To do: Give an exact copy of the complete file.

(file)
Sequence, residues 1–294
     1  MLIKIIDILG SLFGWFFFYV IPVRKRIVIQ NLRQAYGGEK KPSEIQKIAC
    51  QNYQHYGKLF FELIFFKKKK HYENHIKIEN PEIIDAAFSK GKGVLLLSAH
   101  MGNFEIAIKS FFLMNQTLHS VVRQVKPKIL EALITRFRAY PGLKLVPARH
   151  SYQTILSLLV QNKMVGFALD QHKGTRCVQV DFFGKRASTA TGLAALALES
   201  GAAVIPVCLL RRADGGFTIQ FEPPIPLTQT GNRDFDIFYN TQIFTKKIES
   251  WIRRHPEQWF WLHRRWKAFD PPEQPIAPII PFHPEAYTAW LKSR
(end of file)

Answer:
Sequence, residues 1–294
     1  MLIKIIDILG SLFGWFFFYV IPVRKRIVIQ NLRQAYGGEK KPSEIQKIAC
    51  QNYQHYGKLF FELIFFKKKK HYENHIKIEN PEIIDAAFSK GKGVLLLSAH
   101  MGNFEIAIKS FFLMNQTLHS VVRQVKPKIL EALITRFRAY PGLKLVPARH
   151  SYQTILSLLV QNKMVGFALD QHKGTRCVQV DFFGKRASTA TGLAALALES
   201  GAAVIPVCLL RRADGGFTIQ FEPPIPLTQT GNRDFDIFYN TQIFTKKIES
   251  WIRRHPEQWF WLHRRWKAFD PPEQPIAPII PFHPEAYTAW LKSR